‘Still a viable proposition’: PubMatic CEO on plans to grow beyond a commoditized market

Illustration of a robot talking to a person.

Supply-side platforms have a flair for reinvention. The ad tech vendors that rebuilt themselves as transparent businesses after the ad industry’s infatuation with ad tech fees in 2018 have recently reinvented themselves as companies for marketers, not just publishers.

For some, SSPs’ resilience is explained by outward-looking opportunism in the most commoditized part of the ad tech market. Rajeev Goel, CEO of PubMatic, said: “We’re participating in a great set of secular tailwinds that are growing the digital ad advertising opportunity, and frankly that fed into our decision on when to go public [in December].”

PubMatic rode a rising tide in the ad tech sector throughout 2020 that saw it hit the crest of the wave at the end of the year when it floated on the stock market. The timing was vindicated in February when shares rose 63% on the back of solid earnings from its first quarter as a public traded company. Digiday caught up with Goel to hear how he plans to build on the momentum throughout the rest of 2021.

This conversation has been lightly edited and condensed. 

Where is this growth coming from?

The main areas are mobile digital video, CTV and OTT. Our omnichannel video business, which covers short-form video as well as OTT and CTV, grew over 100% year-on-year in the fourth quarter. Collectively, mobile and omnichannel video grew from 52% of our revenue in the fourth quarter in 2019 to 65% in the same quarter in 2020. So there’s been a significant share shift in an overall business that grew 64% year-on-year. The other area of growth for us is supply-path optimization (SPO).

What are the biggest barriers to those prospects?

The biggest challenge in both CTV, as well as SPO, is really working through the people aspects of those shifts. In CTV, for instance, there are digital buyers and TV buyers who come at the trend with different perspectives when it comes to how they measure, attribute success and the workflows they like to use to get those insights. Working through that takes time. On SPO, it takes time to put deals in place with agencies. Once we have a deal done, we’re not done because it needs to be activated. We have to then link up with the various operating teams in different markets covered by the deal. These things take time.

Why has SPO become so important for the business?

Over 20% of the ad buying on our platform in the fourth quarter came from SPO agreements, compared to around 10% for the first quarter. We’re in the early stages of SPO where the market still mainly revolves around the early adopters. The deals we’ve done have tended to be regional in nature, or partial in the sense that it’s around a certain ad format. As the benefits of these deals, we see people trying to scale them. But these deals can take quite a while to implement even after the deal is in place. A lot of our activity in this area last year came from us scaling up deals that were agreed at the start of the year. It’s a complex thing for agencies and advertisers to do, which is why we see more interest from the latter, not the former.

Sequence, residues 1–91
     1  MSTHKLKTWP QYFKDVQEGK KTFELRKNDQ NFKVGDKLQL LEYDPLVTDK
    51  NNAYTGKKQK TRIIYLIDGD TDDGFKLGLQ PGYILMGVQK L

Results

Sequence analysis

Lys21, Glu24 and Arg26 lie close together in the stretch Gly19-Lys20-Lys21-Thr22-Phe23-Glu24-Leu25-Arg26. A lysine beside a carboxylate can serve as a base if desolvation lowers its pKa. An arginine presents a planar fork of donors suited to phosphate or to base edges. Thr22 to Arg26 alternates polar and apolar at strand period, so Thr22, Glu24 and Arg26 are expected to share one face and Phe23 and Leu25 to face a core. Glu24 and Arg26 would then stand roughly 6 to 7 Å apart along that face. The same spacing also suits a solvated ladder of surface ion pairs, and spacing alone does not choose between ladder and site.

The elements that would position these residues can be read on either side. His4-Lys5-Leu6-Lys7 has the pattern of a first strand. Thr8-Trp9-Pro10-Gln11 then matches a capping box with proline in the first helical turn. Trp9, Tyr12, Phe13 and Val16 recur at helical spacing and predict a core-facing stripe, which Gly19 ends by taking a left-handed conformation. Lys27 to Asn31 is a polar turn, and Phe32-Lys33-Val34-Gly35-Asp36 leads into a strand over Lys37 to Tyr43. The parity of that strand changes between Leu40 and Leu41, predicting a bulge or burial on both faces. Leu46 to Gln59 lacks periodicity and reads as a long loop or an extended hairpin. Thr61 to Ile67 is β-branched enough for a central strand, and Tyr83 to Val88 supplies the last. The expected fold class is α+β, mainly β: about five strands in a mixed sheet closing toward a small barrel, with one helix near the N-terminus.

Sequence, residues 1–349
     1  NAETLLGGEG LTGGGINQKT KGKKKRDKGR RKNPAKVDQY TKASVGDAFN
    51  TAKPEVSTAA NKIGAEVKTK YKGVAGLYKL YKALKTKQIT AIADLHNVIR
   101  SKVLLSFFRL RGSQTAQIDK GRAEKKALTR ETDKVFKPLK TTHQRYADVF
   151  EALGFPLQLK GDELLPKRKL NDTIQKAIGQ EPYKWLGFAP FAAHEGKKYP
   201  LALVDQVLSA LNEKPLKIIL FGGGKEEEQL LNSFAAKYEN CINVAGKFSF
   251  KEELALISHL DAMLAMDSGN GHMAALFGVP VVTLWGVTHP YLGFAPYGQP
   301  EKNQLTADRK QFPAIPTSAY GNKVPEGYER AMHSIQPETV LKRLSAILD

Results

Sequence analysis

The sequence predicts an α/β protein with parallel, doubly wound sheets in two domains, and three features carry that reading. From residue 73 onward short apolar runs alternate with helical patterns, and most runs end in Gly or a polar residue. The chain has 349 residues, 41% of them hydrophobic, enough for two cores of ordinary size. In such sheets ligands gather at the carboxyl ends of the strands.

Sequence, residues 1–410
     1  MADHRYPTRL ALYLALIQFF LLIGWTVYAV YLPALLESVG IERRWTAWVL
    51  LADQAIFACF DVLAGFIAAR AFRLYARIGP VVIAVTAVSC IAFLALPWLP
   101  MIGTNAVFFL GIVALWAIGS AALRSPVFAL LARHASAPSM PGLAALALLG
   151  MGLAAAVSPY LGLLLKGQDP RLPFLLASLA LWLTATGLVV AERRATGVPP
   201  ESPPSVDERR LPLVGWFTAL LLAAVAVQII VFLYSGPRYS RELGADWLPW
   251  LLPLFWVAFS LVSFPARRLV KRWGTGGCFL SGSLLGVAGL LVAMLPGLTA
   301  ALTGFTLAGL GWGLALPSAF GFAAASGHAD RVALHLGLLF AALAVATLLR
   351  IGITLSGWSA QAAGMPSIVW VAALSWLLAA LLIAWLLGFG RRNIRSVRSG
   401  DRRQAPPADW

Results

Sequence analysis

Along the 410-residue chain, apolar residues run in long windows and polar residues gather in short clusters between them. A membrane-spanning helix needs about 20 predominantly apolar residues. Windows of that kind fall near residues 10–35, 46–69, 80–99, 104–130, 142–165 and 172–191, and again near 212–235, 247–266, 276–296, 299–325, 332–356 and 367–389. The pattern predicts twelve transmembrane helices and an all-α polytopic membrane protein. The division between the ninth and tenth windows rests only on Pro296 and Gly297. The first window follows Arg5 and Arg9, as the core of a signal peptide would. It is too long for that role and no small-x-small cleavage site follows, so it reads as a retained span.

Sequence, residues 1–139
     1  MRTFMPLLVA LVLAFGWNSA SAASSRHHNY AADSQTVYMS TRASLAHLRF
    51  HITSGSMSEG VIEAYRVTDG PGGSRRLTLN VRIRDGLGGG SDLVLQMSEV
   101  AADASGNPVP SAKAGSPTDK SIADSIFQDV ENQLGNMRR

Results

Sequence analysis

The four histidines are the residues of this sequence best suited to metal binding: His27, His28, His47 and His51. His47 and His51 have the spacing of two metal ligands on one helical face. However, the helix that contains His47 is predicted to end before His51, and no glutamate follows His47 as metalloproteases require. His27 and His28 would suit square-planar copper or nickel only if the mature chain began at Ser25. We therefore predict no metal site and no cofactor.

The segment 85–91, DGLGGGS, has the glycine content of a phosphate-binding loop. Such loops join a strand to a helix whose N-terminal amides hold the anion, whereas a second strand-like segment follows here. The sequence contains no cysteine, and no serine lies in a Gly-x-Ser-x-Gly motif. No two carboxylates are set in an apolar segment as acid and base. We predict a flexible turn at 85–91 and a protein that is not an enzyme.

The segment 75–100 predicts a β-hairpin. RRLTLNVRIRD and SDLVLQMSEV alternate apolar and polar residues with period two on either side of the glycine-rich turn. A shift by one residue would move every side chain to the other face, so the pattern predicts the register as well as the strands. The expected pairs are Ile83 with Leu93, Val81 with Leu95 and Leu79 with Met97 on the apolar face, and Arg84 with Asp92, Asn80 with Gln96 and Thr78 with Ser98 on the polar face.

Is SPO becoming a race to see who can give agencies the biggest discounts? 

As we engage in more of these deals, it’s been encouraging that the interest is more in the innovation and tech we can provide them as opposed to fees. In fact, we have a number of deals where fees don’t play a role and instead the buyer wants a higher degree of transparency, to know what content their ads are showing up next to, and guarantees to see what the fees actually are, not put pressure on them. 

Are you worried about the uncertainty around user-level tracking? 

The cookie is not going to be replaced with a single alternative identifier. Google isn’t going to introduce their own identifier, and their ad products aren’t going to support them either. This means there’s more opportunity for many other SSPs and demand-side platforms that are adapting and adopting other identifiers. Marketers will still want those alternatives. And they’ll want to use them in other SSPs and other DSPs. Publishers will generate more revenue as a result so it’s important to have a multi-pronged approach to identifiers. Identity Hub is a software layer that really helps publishers manage this transition. It allows pubs to very seamlessly provide additional IDs in the bid request in order to manage the transition away from the cookie. 

Smart publishers aren’t going to want to share their data everywhere because they have obligations to audiences. There’s a chance that those publishers could winnow down the range of ad tech providers and even advertisers that they work with in order to protect that consumer relationship. Giving choice to both publishers and buyers is important. 

Once Apple’s crackdown on in-app tracking arrives, will the removal of IDFAs impact the business?

The iOS portion of our business is single digits. We’ve seen in the past with events of this magnitude like the arrival of the General Data Protection Regulation in Europe is that marketers shift their budgets to channels, whether that’s mobile web or android, desktop, or CTV. Given we’re omnichannel and well-diversified we don’t expect the removal of IDFAs to have a major impact on our business.

Are pureplay SSPs still a viable proposition in ad tech? 

It’s still a viable proposition so we continue to be a publisher-focused business. When we brokered our first SPO agreement two years ago we discovered that being a publisher-focused business can also be consistent with helping buyers get more ROI from advertising. This means focusing on things like the quality, value, and optimization of inventory. When help buyers understand what their buying better then it helps publishers make more revenue from their ad inventory. 


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